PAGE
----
Teachers’ lack of awareness and understanding of gender equity prevented them from providing an inclusive learning experience for all students.
Bryan A. McCullick, Thomas Baker, Phillip D. Tomporowski, Thomas J. Templin, Karen Lux and Tiffany Isaac
The purpose of this study was to analyze state school-based physical education (SBPE) policies’ text and the resulting legal implications. A textualist approach to the legal method of Statutory Interpretation framed the data analysis. Findings revealed the difficulty of determining with clarity a majority of PE statutes and it is probable that based on current wording, courts could not play a role in interpreting these statutes, thus leaving interpretation to educational authorities. Significant variability of how authorities interpret statutes increases the challenge of consistent interpretation or adherence to the NASPE Guidelines for Quality Physical Education and whether meaningful policy study can be conducted to determine if SBPE makes an impact.
Support, or lack thereof, is often cited as the main reason for teachers to leave the profession early on (Ingersoll, 2003). Feiman-Nemser (2001) identifies five Central Tasks associated with Learning to Teach (CTLT) that could focus the support novice teachers need during their induction years: learning the teaching context (TC), designing responsive instructional program (IP), creating a classroom learning community (CC), enacting a beginning repertoire (BR) and developing their professional identity (PI). The purpose of the study is to examine the CTLT that novice physical education teachers use in their first and second years of their teaching career. Twenty-one physical education teachers accepted the study parameters to be observed and interviewed during their first year of teaching, and 15 teachers continued the data collection into their second year. Interviews revealed that these teachers focused mainly on BR and TC. Little focus was given to IP, CC, and PI. Results indicate the need for effective mentoring and continuous support through their induction years on BR and TC, but also expand novice teachers’ focus to address the additional categories.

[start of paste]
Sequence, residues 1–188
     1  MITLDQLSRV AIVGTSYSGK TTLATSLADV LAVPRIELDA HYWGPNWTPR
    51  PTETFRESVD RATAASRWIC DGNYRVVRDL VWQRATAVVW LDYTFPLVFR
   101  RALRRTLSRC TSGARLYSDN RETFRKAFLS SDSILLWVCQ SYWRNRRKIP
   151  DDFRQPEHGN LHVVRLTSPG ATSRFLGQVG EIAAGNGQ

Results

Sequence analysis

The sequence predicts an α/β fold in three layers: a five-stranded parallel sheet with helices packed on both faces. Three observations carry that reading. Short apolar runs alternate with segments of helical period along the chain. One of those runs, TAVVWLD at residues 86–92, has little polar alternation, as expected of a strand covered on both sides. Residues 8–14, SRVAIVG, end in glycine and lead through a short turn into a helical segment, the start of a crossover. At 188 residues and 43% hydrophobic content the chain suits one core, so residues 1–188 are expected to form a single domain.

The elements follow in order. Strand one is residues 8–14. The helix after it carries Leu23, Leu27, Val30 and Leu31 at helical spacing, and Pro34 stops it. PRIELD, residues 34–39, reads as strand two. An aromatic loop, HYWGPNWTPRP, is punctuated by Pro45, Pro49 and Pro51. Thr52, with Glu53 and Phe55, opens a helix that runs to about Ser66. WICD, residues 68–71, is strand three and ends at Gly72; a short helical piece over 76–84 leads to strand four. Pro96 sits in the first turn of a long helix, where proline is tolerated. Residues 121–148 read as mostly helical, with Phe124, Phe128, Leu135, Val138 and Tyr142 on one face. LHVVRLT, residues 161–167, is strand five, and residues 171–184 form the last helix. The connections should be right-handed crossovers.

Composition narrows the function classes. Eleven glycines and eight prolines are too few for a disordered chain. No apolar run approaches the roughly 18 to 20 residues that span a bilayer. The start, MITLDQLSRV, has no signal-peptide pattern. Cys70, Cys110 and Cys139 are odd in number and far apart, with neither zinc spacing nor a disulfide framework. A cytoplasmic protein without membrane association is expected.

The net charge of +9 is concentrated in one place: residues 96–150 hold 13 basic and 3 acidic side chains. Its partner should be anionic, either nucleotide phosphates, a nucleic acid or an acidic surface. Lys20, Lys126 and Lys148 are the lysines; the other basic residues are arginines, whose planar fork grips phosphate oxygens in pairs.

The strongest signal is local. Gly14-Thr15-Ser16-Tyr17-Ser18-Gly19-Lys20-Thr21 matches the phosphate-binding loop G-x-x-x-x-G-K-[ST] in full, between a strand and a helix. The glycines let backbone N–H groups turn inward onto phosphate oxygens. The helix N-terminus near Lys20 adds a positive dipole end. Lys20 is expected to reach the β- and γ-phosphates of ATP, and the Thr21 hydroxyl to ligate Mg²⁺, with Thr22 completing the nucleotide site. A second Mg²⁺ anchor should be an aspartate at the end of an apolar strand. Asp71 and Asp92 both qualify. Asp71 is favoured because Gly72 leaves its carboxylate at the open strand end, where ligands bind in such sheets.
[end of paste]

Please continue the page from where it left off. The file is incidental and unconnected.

Takahiro Sato and Samuel Russell Hodge
The purpose of this study was to describe and explain the teaching experiences of African American physical education teacher candidates in secondary physical education programs at urban schools. The research design was explanatory multiple-case study situated in positioning theory (Harré & van Langenhove, 1999). The participants were seven African American physical education teacher candidates. The data sources were interviews, self-reflective journal logs, and e-portfolios. The data were analyzed using a constant comparative method (Boeije, 2010). The thematic findings were: (a) tacit positioning (unconscious and unintentional), (b) self–other discourse, and (c) reflective positioning. The study’s findings offer additional empirical evidence that physical education teacher education programs must do more to better prepare teacher candidates for working in urban schools with greater cultural competency and higher self-efficacy.